NH: We really decided to take it up a notch with this album. We had John Stoddart, the great pianist who has a career of his own as a solo gospel artist, but also plays piano and arranges with Kirk Whalum and many different artists. He arranged half of the songs. Then Matt Pierson who used to run Warner Brothers Jazz, when there was a Warner Brothers Jazz. He did the Donnie Hathaway album with Kirk and a bunch of others. He introduced me to the players in New York who are on the CD. Larry Grenadier, Eric Harland on the drums, they’re all incredible. Gil Goldstein who has arranged for Sting, Chris Botti Paul Simon, all kinds of people. It’s exciting to have recorded at that level and know that we can just get better and just go up from there.
iRJ: A lot of musicians starting out can’t put together a team or the financing. Each project is almost an individual startup business. For those musicians that can’t get that far, how do you do it?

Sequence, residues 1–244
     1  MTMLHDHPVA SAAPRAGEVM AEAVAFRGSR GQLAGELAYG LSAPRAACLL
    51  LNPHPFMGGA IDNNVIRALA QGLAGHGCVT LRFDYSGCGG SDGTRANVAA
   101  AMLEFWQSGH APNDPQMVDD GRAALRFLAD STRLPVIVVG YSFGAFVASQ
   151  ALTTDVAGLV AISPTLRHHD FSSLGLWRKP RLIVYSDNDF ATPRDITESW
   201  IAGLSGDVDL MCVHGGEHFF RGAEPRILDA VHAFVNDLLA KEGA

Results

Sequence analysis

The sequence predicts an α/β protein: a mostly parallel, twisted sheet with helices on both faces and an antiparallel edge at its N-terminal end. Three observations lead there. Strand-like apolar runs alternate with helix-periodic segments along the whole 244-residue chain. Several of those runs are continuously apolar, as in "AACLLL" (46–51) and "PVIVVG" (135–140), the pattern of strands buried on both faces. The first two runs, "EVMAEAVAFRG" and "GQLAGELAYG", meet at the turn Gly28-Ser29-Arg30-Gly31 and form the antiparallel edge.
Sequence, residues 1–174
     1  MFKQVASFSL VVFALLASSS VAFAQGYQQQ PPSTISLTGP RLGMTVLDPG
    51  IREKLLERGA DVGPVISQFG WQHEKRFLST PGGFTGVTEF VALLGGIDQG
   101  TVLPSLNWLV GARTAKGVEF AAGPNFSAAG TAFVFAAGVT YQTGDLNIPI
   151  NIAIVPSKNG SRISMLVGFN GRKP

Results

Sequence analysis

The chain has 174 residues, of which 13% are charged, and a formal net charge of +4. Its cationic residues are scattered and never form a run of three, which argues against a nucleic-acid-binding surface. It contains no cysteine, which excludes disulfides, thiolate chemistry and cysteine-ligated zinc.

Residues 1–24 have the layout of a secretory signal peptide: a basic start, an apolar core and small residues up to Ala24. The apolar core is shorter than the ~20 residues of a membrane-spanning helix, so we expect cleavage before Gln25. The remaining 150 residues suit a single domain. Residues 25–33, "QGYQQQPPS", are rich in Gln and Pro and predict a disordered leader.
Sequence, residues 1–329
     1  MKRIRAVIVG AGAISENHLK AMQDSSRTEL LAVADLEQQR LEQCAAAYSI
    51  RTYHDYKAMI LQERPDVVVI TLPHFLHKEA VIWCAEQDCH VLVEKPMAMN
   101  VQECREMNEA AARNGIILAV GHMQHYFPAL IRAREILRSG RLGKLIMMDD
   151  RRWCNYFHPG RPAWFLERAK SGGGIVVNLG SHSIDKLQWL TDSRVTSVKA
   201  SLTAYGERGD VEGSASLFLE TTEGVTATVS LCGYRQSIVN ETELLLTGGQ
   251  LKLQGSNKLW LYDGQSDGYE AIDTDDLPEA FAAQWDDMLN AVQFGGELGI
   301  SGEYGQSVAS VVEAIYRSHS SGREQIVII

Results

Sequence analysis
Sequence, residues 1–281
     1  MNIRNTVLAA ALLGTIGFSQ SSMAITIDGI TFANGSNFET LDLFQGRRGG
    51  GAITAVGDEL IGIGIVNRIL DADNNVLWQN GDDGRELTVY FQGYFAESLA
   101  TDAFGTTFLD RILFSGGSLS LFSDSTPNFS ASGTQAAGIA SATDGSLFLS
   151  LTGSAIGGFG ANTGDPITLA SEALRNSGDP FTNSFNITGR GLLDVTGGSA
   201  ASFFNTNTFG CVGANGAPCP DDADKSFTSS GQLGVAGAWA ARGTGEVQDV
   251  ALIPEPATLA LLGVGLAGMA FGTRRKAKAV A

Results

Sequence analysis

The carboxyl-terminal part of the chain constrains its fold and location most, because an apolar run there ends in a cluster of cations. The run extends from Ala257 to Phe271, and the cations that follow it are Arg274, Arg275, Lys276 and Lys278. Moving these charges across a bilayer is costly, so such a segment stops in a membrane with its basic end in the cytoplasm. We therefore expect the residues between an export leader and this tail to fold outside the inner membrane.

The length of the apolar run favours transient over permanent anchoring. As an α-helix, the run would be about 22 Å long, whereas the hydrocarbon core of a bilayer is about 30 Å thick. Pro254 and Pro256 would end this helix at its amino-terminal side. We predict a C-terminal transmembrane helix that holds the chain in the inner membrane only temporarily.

NH: I’m really dedicated to my career. Whatever I make I put right back into my career, financially. I just saved all my money, every dollar that I make I put right back into my career. I’ve been able to do a lot in Miami and keep a steady schedule of performing. When I tour different countries, when I sell CD’s, I really just put all the money back into creating the next project. It’s all been self-funded.
For this album, however, I did go to an outside company called ArtistShare. They gave me an opportunity to raise 15% of the budget for the CD. It was an opportunity to get my fan base and others involved in the making of the album. Through ArtistShare you can register online to support the project at whatever financial level, and you could be a part of the process.
We’d post blogs, songs, videos, rehearsals, recordings. I’d give feedback about making the CD, what I was feeling that day, and insights into what’s made me who I am as an artist. It gave me and others an opportunity to get closer and share my artistry.
Nicole looks forward to doing more writing and collaboration and anticipates her next album to be completed by early 2013. For more information, visit her website at nicolehenry.com.
John Moultrie & Nyasha Nyamapfene